The Town of Bethlehem plans to hold a public meeting for residents of Haswell Farms and the Enclave after receiving new information from the consultants hired to monitor traffic in the area.
Planning Director Rob Leslie first spoke about the issue at an October Town Board meeting, following complaints from residents over the summer who were concerned about speeding in the area. Officials eventually decided to implement a traffic calming initiative to help rectify the situation.
“With regards to speed, the (consultants) concluded that the residents’ observations that speeding is an issue were confirmed,” said Leslie.
Over the summer, a traffic officer was sent down to the location, along with a speed trailer. The police officer at that time agreed there was a traffic problem in the area of Hasgate and Forsten Drives. Police Chief Louis Corsi also said officers had been to the area a lot over the past year.
Leslie, who is also the town representative on the Bicycle and Pedestrian Committee, detailed a 10-month plan to implement and review solutions to the problem. The first step was to have a meeting with neighborhood representatives from the Enclave and Haswell Farms.
One of the major traffic problems for the area is the two neighborhoods have only one exit road. Leslie said more roads are planned, but development needs to continue. He said the planning board would never approve developments with only one access road because it could create a problem for emergency vehicles, but building out took longer then expected.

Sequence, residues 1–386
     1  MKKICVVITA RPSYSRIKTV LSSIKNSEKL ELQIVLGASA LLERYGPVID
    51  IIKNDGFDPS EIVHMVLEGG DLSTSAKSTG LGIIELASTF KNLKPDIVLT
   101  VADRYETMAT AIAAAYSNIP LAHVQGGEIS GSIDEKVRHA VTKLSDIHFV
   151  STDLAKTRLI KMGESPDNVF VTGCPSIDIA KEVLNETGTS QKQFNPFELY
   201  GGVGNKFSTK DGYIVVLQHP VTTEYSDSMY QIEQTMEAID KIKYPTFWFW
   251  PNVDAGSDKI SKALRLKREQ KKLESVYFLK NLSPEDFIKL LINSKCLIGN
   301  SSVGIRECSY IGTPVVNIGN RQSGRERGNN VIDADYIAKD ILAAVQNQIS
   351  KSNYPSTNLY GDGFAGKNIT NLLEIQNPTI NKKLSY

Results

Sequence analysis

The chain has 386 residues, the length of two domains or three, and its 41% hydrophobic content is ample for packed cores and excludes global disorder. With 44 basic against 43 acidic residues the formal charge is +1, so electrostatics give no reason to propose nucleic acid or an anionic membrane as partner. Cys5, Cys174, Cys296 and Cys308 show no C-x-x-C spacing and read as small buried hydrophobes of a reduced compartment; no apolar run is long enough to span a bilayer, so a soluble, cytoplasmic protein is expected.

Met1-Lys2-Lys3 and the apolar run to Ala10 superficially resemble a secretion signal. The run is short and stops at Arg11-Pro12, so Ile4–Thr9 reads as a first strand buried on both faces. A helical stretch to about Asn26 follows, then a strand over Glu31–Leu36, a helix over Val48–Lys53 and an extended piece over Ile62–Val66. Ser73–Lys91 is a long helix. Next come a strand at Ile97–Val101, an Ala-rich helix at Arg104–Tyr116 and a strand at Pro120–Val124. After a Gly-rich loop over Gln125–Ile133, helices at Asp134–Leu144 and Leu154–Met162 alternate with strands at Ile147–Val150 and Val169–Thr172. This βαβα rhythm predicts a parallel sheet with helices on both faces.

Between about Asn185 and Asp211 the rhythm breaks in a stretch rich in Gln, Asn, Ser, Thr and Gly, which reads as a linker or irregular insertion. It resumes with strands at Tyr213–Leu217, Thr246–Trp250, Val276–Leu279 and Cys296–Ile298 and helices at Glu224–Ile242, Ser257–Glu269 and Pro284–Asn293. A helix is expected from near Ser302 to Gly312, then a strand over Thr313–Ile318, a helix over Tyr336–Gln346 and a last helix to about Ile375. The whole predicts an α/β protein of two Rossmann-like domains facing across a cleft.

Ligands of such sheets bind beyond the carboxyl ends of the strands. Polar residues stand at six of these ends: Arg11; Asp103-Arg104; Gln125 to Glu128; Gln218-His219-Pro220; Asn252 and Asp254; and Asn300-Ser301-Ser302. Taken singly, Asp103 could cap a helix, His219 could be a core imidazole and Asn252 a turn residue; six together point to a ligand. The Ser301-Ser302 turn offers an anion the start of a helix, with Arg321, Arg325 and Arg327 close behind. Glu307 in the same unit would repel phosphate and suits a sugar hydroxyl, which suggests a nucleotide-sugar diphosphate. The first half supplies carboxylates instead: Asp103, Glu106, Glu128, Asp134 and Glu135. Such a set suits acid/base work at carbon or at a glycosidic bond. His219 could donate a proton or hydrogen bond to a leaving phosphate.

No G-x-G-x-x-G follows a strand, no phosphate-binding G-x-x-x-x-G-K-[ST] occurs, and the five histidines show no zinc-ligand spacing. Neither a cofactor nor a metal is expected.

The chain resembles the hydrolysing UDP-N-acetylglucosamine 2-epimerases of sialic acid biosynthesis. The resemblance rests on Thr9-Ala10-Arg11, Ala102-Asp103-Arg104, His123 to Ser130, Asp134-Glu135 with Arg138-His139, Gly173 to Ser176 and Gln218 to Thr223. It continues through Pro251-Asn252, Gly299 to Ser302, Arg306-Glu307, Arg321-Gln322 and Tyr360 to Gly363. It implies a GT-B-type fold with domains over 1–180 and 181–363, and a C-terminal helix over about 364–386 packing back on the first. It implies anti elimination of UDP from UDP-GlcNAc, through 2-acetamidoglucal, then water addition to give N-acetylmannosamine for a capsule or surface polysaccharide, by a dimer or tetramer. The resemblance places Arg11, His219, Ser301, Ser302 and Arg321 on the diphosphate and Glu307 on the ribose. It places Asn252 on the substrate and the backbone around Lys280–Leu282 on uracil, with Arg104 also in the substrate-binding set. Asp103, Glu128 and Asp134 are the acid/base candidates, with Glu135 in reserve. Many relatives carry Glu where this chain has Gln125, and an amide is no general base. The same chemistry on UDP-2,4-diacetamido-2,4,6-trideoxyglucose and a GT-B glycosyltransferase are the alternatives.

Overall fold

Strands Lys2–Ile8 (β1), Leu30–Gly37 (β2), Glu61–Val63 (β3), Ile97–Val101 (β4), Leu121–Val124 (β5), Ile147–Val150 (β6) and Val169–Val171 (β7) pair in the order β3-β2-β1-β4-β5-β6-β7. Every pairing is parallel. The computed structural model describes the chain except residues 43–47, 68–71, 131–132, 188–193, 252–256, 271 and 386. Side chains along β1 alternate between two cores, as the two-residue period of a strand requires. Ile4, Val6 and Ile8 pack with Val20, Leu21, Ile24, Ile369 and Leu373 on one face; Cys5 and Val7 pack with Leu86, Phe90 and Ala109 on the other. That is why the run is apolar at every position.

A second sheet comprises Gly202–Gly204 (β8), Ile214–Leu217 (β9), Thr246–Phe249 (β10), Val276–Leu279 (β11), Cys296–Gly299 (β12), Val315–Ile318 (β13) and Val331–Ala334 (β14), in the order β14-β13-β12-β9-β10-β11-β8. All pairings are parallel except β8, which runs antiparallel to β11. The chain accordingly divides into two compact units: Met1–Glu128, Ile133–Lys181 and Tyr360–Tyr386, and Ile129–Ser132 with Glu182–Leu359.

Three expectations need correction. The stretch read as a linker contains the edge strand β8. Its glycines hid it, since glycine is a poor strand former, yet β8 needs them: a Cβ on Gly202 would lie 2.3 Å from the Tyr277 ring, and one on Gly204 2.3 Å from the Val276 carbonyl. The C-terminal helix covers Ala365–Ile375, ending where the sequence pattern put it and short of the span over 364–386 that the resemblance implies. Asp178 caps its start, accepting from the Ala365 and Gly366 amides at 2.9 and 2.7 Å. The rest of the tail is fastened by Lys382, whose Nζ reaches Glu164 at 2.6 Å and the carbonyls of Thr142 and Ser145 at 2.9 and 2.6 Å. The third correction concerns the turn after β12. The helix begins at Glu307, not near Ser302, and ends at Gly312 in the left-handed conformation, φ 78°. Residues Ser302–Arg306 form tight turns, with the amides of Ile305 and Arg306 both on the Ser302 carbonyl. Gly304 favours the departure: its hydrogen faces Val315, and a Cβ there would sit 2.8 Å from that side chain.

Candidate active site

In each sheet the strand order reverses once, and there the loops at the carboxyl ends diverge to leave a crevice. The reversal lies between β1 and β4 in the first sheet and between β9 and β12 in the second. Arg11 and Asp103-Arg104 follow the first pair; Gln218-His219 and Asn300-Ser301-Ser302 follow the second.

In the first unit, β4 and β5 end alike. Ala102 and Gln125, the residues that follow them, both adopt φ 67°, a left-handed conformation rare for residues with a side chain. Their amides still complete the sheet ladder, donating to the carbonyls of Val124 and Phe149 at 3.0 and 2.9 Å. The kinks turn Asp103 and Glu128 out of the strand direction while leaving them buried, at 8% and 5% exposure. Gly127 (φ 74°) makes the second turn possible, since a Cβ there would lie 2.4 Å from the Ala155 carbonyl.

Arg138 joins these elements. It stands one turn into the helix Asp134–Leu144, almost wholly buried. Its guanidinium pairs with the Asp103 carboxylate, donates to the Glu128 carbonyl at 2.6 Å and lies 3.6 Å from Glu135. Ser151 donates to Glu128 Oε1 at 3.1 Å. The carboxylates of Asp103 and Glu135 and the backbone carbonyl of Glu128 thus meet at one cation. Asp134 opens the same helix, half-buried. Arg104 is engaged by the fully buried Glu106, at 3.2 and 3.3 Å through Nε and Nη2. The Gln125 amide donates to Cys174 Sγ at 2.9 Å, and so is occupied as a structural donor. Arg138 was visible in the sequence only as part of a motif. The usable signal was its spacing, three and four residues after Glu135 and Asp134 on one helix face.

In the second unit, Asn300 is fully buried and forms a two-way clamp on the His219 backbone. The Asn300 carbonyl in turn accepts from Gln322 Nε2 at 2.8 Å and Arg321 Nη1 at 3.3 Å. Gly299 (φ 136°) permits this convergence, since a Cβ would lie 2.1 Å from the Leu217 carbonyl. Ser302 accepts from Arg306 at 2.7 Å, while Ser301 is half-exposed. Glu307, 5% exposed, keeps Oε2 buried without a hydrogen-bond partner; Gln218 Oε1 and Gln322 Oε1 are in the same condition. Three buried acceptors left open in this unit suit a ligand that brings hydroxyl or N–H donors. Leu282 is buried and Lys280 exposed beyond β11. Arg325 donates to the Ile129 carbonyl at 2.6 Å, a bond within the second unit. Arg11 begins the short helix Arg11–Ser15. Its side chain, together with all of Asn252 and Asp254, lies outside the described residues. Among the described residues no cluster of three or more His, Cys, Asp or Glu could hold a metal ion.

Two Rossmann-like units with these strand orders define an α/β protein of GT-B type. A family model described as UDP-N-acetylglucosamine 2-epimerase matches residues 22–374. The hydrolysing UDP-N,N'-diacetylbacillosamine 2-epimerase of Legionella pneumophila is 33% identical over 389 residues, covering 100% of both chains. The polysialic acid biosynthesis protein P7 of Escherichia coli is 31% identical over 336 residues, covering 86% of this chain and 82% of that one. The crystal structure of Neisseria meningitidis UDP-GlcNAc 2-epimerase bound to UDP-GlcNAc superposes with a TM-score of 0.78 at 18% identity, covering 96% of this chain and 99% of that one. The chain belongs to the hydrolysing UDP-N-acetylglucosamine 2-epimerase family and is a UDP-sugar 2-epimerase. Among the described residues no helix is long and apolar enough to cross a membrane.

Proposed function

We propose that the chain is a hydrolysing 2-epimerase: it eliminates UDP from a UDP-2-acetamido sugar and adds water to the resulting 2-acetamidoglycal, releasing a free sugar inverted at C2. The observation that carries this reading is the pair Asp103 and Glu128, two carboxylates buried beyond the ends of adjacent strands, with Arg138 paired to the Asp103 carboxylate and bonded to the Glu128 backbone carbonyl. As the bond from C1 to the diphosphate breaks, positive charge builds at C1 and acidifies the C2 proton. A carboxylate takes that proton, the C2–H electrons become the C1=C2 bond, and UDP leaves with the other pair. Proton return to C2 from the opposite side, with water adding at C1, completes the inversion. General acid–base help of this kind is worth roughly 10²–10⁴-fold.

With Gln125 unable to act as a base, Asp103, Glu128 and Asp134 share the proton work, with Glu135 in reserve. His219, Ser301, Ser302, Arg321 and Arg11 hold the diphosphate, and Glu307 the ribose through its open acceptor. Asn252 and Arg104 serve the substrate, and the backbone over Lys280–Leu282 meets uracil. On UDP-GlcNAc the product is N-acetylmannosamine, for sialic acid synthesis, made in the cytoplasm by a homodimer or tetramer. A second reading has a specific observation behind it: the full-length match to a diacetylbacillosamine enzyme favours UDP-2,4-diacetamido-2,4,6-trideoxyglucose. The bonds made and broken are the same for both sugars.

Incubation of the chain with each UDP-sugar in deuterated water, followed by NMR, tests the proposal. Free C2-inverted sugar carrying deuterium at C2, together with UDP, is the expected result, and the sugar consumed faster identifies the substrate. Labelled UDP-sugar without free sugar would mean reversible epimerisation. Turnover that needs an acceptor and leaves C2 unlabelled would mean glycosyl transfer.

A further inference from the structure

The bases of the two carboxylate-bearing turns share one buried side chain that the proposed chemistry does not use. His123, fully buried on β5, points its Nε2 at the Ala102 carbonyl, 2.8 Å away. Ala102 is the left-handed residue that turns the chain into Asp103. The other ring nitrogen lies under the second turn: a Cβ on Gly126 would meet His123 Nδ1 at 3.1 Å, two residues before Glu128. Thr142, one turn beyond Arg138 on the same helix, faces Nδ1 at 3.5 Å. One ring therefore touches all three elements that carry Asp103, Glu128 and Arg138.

The town then contracted consultants to install Automatic Traffic Recorders to collect data on vehicle volume and speed. The data was collected from Nov. 4 through Nov. 13 at four points along Hasgate Drive, Forsten Drive and Harvest Ridge Road. Many were found to be speeding on Hasgate Drive between Barrington and Reynolds Court, with the highest speeds of 38 mph northbound and 36 mph southbound. The posted speed is 30 mph.
“Overall, the prevailing speeds are higher than would be expected or desirable for the width and residential character of these roadways,” said the report.
Residents were concerned about the safety of their children playing outside. At the previous meeting, some had said drivers would pass other vehicles by driving onto people’s lawns, while others said school buses had been passed and mailboxes hit.
The study found that the volume of traffic is “consistent with the levels that would be anticipated with the size of these neighborhoods and with the local street function.” This means it is unlikely other vehicles are cutting through the neighborhood, and the majority of issues is likely being caused by neighborhood residents.
The town will now be having an additional meeting for residents on Tuesday, Feb. 25, at Town Hall from 7 to 9 p.m. The hope is those in the neighborhood will work together to identify further traffic calming improvements.